Many debates currently surround prostate cancer, including how to treat it. Statistically it is still a top cancer killer.
Dick Devlin is not the first to face this diagnosis.
“I was 62, my PSA was rising, I went to Dr. Daller who did a biopsy and diagnosed me with prostate cancer, early stage,” says Devlin.
Each year, 200,000 men in this country learn they have prostate cancer. They face the common dilemma of what to do next.
“For most men, prostate cancer, even though it has that word ‘cancer’ in it, is not something that’s gonna kill them,” says Devlin.
Devlin’s health was of utmost importance, but he wasn’t convinced he needed cancer treatment. Studies show a growing number of men with low-risk prostate cancer are choosing to watch and wait.
“We like to call it active surveillance. We watch these patients very carefully. We watch their PSA, we watch their prostate examination. From time to time, we do a serial trans-rectal ultrasound biopsy, essentially sampling of the prostate,” says Dr. Meir Daller, a urologist on Lee Memorial Health System's medical staff.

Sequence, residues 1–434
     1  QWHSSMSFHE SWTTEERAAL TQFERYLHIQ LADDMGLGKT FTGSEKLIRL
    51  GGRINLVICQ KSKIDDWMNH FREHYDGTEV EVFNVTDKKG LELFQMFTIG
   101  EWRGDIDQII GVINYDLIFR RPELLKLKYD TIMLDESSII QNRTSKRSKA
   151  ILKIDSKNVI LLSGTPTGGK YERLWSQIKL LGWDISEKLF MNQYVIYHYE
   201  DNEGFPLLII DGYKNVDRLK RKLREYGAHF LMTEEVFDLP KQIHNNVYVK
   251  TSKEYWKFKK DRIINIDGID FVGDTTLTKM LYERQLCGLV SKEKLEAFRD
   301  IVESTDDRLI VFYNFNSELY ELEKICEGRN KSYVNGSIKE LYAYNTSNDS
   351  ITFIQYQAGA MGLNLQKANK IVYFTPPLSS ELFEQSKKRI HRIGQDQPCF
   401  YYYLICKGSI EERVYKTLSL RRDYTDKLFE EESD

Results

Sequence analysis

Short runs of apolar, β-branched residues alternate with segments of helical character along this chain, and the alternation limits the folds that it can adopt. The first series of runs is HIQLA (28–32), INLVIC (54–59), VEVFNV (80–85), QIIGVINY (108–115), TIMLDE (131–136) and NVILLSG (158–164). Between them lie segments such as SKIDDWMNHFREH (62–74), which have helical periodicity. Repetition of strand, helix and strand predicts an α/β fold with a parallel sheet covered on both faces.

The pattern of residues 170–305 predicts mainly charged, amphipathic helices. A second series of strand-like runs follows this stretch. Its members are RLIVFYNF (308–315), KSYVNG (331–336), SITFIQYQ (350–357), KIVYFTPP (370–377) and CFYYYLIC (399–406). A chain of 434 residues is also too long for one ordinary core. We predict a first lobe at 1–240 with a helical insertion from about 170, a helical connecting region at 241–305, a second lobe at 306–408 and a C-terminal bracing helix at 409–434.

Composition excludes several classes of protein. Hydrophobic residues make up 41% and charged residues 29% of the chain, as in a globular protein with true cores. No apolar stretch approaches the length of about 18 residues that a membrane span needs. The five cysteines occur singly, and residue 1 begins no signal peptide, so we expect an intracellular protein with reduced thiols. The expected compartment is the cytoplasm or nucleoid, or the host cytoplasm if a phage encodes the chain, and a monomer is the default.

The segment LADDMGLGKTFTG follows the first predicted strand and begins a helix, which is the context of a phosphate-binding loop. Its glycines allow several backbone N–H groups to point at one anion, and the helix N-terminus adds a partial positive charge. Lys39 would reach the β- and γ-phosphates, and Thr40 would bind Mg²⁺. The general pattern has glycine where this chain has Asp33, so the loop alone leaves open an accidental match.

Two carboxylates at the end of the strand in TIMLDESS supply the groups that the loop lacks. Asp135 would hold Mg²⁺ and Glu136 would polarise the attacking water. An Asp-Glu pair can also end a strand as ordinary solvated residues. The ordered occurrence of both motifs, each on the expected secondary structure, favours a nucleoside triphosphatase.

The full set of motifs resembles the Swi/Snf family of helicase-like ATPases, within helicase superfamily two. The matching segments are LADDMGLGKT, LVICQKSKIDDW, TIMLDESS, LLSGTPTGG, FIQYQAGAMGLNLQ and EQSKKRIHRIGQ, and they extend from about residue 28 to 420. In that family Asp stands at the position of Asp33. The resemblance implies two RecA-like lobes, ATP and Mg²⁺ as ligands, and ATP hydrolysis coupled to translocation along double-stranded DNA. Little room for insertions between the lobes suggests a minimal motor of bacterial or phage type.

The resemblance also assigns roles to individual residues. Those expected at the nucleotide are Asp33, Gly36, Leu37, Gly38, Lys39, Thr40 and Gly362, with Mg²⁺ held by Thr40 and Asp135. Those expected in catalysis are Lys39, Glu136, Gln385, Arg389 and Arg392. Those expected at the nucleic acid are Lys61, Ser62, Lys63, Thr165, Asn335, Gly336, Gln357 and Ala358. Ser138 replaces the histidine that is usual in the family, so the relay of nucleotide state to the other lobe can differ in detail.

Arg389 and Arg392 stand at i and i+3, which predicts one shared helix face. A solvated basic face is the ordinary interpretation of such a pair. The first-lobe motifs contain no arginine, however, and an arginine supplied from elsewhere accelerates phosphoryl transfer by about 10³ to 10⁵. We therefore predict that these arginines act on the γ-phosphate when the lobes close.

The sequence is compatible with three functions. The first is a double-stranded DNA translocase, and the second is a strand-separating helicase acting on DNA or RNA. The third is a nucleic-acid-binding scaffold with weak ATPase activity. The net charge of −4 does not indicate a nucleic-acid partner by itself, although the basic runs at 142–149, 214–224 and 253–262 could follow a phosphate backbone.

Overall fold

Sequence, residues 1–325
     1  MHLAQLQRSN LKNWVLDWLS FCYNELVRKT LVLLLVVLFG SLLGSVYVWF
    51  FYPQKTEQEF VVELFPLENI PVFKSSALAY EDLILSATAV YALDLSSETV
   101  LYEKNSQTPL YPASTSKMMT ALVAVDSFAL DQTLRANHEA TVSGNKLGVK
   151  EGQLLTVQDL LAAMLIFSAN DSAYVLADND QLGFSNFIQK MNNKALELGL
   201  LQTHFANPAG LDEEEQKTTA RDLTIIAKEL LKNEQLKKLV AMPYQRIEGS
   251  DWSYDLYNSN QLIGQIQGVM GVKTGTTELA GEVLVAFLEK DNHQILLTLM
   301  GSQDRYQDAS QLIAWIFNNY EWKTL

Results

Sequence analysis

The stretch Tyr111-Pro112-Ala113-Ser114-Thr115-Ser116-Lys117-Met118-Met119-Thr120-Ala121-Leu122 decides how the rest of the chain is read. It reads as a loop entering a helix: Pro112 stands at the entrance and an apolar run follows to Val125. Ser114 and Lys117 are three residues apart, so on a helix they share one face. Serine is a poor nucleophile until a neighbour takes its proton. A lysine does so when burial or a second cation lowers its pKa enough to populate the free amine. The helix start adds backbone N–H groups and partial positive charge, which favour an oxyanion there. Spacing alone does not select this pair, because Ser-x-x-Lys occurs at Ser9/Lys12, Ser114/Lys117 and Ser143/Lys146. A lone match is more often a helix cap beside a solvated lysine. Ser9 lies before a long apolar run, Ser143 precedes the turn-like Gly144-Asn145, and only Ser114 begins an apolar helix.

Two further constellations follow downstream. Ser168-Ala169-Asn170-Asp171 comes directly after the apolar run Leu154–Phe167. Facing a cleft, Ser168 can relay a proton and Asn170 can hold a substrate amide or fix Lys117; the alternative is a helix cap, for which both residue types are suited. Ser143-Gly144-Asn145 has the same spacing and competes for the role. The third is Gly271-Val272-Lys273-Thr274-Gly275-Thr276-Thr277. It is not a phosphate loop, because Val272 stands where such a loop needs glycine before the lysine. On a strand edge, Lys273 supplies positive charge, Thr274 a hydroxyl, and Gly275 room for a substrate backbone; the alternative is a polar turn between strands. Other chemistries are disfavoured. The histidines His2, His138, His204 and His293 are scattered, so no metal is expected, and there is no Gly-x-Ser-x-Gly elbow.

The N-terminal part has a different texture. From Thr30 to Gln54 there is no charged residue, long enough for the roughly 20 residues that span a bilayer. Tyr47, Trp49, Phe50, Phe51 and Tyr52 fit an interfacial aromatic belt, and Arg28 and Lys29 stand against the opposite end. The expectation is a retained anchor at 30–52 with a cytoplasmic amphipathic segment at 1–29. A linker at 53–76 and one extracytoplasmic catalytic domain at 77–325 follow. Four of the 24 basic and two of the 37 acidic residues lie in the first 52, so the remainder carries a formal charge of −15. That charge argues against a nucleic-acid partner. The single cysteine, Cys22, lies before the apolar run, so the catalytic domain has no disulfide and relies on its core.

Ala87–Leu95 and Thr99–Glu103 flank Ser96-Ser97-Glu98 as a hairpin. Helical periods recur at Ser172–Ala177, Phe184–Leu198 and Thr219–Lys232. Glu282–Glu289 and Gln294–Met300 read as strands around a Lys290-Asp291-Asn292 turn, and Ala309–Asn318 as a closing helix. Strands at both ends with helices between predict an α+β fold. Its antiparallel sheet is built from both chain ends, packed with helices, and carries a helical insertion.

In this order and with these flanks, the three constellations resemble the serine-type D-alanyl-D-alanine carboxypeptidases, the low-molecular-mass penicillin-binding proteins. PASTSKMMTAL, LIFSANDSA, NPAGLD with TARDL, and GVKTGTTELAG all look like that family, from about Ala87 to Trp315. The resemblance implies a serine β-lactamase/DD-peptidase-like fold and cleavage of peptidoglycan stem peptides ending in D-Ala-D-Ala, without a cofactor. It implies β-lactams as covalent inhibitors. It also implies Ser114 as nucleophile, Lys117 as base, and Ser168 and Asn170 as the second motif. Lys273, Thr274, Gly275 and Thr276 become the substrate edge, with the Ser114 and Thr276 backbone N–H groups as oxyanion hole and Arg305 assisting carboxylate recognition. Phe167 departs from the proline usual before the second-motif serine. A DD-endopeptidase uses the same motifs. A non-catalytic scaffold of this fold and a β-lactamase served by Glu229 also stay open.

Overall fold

A new study shows active surveillance is beneficial in the right situation. In a test group the mortality rate was one percent. And only a third of patients needed additional treatment after three years. The key component is choosing the right patient.
“My job is really to give them as much information as possible. And I always tell them take your time. There is no rush. The more information you get, the better off you are,” says Dr. Daller.
So Devlin took an active role in his cancer care and believes it was the right choice for him.
“I had six total biopsies, it’s been seven years and nothing’s happened,” says Devlin.